Filming Birds from a Goan Porch by Chinmaya Dunster

I’m fortunate to live in a village in Goa, in a house with a traditional Goan porch at the front. Surrounding the house are cashew and coconut trees, a patch of remnant jungle, a stream and a rice field. An ancient cashew partly overhangs the porch, providing perching and feeding opportunities for numerous birds.

The great advantage of filming from home is having time. I work from home, so I can keep an ear open for interesting-sounding events and rush to the porch and my waiting camera whenever one presents itself. In this way I have managed to capture (with a very simple mini DV video camera) some unusual bird sequences.

Three stand out; the first was the appearance of two Great Pied hornbills on a coconut stump next to the stream. They spent a good half hour demolishing the top meter of the stump (were they searching for something or just enjoying themselves?). These birds are native to the deep rainforests of the Western Ghats thirty kilometers away, and usually to be glimpsed only in the high treetops, so I felt very lucky.

The second was a mixed flock of sunbirds, containing at least twenty individuals of Purple-rumped and Crimson-backed, hunting insects among the cashew flowers just half a meter off the porch. I have asked around, and no-one has ever heard of sunbirds flocking!

The third, in the middle of monsoon, was when I heard a female Blue Monarch flycatcher calling persistently from the cashew branches. I watched her repeatedly fly from her perch to the ground in distress and wandered over to investigate. I found her tiny chick feebly struggling amongst the wet leaves and mud. There was no sign of its nest, so I rigged up an old wooden box, with a circular hole cut in the front (and a neat little twig at the entrance to provide a perch for mum) and popped the chick in. Over the next days I filmed as the mother, in pouring rain, gradually managed to coax the chick into taking food from her. The trouble was the chick was so anxious to get close to her that it kept falling out through the hole and I needed to rescue it from our prowling cats and dogs. After a couple of days I closed the hole, took the top off the box and waited to see if the chick would manage to fly off. A couple of attempts resulted in falls, but on the third day I was gratified to see it fly up to a branch and it’s waiting mother.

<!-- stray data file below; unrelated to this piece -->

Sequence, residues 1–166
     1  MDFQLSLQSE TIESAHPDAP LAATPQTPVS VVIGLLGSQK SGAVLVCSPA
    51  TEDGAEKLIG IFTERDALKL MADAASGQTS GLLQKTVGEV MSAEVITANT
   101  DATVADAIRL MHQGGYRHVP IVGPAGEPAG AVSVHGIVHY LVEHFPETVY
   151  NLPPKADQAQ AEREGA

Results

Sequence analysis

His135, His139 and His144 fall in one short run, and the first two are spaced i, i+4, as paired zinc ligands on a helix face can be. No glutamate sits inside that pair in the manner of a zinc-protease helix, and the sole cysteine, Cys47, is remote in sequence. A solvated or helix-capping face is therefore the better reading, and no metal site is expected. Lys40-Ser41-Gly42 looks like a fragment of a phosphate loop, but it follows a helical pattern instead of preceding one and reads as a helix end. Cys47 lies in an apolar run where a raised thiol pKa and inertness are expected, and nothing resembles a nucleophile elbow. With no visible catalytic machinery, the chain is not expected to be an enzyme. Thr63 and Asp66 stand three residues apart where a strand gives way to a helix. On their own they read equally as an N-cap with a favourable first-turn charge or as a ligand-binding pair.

I’ve had Black-hooded orioles fly right through my porch, one of them brushing my hair with its wings. There was a male Paradise flycatcher that sat on the cashew tree and allowed my wife, with her still camera, to stand directly underneath it, so close that she could have reached up and touched it. One time a pair of Blue-bearded beeeaters ensconced themselves in the bushes at the edge of the jungle and allowed me almost within touching distance. Orange-headed thrushes and Tickels flycatchers regularly patrol the bare ground beneath the cashew tree; Jungle babblers pass through daily in a riot of noise. I can climb up onto my tile roof and film Small minivets and Golden orioles in the treetops when the right blossoms are out. Three kingfisher species (Common, White-breasted and Stork-billed) live along the stream and use our telephone wires as resting spots.

In all I have filmed over a hundred species around our house. Within the general area (which includes some open grassland on a nearby hill) I’ve seen around fifty more, including Pied crested cuckoo, peafowl, Blue-faced malkoha, and White-bellied sea eagle (roaming five kilometers from the coast).

Goa’s diverse landscapes and ecosystems come together in our tiny village (the only thing we don’t have is coast or wetland, although birds from both pass through). Here anyone with a bit of time and patience (even those like me who lack expensive equipment and specialist ornithological skills) can be generously rewarded by the blessings brought by the presence of birds.

Chinmaya Dunster is a UK-born composer and filmmaker who lives in
Goa. He uses his spare time to film birds from the balcony of his
village house, using a tiny Sony TRV20 and 2X zoom lens. Over four
years he has been able to achieve some impressive results simply by
having the time to be on hand whenever something interesting comes
close enough to film!"

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